Antibiotic resistance genes of MDR E. coli strains.

The 11 representative ESBL- and CMY-2-producing MDR E. coli were identified as 10 different serotypes, with 3 O-antigen nontypeable and 10 unique multilocus sequence types (MLSTs). Except for one strain, all isolates carried Inc group plasmids (Table 1). All genome-sequencing contigs were annotated using the NCBI Prokaryotic Genome Annotation Pipeline (PGAP) and submitted to the Comprehensive Antibiotic Resistance Database (CARD) to further identify antibiotic resistance genes (ARGs), resulting in a total of 74 antibiotic resistance-related genes belonging to 19 categories and 9 classes (Fig. 3). All isolates encoded efflux pumps that confer multidrug resistance potential. In addition, we found genes conferring resistance to aminoglycoside, β-lactam, fluoroquinolone, sulfonamide, polymyxin, and peptide antibiotics. This ARG profile supports the results of AST analysis, which described all of the isolates as MDR (Fig. 1C).
TABLE 1 Characterization of E. coli isolates
StrainMLSTSerotypePlasmid replicon(s)
JEONG52325730O128:H31IncN, IncX2, CoI, CoIRNAI
JEONG5446306O84:H2IncFII, IncA/C2, CoI
JEONG56505730:H10IncN, CoI, CoIRNAI
JEONG57665731O169:H41IncN, CoIRNAI
JEONG5776973O25:H15IncFIA, IncFIB, IncFII
JEONG95925728O142:H29Not detected
JEONG95985727O27:H9IncY, IncR, CoIRNAI
KCJ9499117O119:H4IncFIB, IncFII
FIG 3 Antibiotic resistance gene profiles of multidrug-resistant E. coli strains. The antibiotic resistance genes (ARGs) of 11 representative multidrug-resistant E. coli strains were identified by comparing their whole-genome sequences against the Comprehensive Antibiotic Resistance Database (CARD). ARGs with ≥70% identity are indicated by dark gray blocks, and those with <70% identity are shown in light gray blocks. ARGs were classified into different categories (colored blocks with numbers) based on their functions, and the categories are listed next to the gene names. Genes with mutations conferring antibiotic resistance are marked by asterisks.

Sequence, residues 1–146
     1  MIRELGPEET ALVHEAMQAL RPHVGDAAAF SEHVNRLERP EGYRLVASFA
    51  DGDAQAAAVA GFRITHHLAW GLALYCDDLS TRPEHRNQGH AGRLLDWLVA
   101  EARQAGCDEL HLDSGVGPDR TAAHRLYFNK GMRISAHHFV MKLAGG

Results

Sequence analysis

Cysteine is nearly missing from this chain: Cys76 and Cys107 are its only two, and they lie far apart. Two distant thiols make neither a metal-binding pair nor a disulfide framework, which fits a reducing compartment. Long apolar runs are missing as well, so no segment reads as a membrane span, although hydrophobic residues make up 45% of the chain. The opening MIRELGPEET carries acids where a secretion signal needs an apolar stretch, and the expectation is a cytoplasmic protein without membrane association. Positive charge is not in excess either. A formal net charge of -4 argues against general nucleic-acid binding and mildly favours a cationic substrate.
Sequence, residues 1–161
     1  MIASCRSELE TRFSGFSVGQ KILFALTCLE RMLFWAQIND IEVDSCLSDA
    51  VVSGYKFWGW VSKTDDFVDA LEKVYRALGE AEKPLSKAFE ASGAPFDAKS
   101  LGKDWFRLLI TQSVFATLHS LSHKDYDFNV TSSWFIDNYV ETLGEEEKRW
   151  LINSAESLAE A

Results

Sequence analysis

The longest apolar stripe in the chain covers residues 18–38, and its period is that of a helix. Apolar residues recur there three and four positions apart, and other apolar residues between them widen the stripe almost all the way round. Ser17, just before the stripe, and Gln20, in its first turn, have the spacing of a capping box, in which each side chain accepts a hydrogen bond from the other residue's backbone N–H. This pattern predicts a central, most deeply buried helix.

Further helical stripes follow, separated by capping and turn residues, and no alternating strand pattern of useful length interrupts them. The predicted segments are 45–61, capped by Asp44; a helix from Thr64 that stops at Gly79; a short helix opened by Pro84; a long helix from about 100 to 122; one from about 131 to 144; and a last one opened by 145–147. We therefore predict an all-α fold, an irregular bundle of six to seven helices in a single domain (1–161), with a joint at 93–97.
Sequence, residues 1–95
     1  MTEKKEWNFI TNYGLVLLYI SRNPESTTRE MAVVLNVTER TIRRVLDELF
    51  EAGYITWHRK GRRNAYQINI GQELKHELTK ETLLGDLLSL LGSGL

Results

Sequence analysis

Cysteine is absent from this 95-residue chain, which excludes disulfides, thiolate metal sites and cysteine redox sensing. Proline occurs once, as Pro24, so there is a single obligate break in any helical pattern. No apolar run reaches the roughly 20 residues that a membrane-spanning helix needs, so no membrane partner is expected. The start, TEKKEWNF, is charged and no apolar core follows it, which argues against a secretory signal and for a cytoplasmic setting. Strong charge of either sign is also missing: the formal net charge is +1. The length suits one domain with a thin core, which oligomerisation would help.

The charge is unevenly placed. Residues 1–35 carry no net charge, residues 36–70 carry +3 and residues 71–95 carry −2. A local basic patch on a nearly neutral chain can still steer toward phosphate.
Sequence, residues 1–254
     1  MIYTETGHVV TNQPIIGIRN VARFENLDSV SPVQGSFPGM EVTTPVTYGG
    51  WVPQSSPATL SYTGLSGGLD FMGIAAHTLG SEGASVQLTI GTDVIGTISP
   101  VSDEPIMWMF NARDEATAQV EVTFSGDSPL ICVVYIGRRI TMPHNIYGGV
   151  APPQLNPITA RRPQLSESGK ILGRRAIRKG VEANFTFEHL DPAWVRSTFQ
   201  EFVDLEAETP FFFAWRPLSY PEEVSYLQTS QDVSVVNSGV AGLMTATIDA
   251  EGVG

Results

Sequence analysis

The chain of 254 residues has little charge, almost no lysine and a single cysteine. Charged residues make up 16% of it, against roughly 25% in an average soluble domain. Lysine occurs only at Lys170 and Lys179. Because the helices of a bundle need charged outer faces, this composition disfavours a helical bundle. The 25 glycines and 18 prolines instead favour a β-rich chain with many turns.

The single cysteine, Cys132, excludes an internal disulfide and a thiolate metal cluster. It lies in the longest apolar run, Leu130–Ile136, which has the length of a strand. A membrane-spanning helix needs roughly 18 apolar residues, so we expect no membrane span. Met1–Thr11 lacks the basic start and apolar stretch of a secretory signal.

To determine whether ESBL (CTX-M-1 and CTX-M-32) and CMY-2 genes were borne by plasmids or chromosomes, we performed PLACNET analysis to assign contigs to either a chromosomal or plasmid network. Contigs carrying the CTX-M or CMY-2 genes were identified (Fig. 4A to C). Contigs with plasmid-encoded replication initiator protein (RIP) and relaxase protein are shown with green and red dots, respectively (Fig. 4A to C). Both CTX-M and CMY-2 genes were found on the plasmid or chromosomal network highlighted with purple dots (Fig. 4A to C). Three strains, JEONG9566, JEONG9567, and JEONG9592, carried CTX-M-32 gene in the chromosomal DNA, while the other 6 isolates carried CTX-M-1/CTX-M-32 or CMY-2 genes on their plasmids. Interestingly, CMY-2 genes were located only within plasmids, whereas CTX-M genes were found within plasmids and chromosomes. Additionally, plasmid replication types were identified using PlasmidFinder. Various types of Inc plasmids, including IncA/C2, IncFIA, IncFIB, IncFII, IncN, IncR, and IncY, were identified (Table 1). The genetic environments surrounding the CTX-M and CMY-2 genes were found to be associated with mobile elements, as insertion sequence (IS) elements were identified near the CTX-M and CMY-2 gene sequences (Fig. 4D). In JEONG5446 and JEONG5776, insertion sites of the plasmid-carried CMY-2 genes were distinct, mediated by different IS elements, indicating that the transposition events of the CMY-2 genes originated independently. Although insertion sites of CTX-M-32 genes in JEONG9566 and JEONG9567 were in the chromosomes at different loci, transposition events were associated with the same mobile elements, IS1380 and IS5.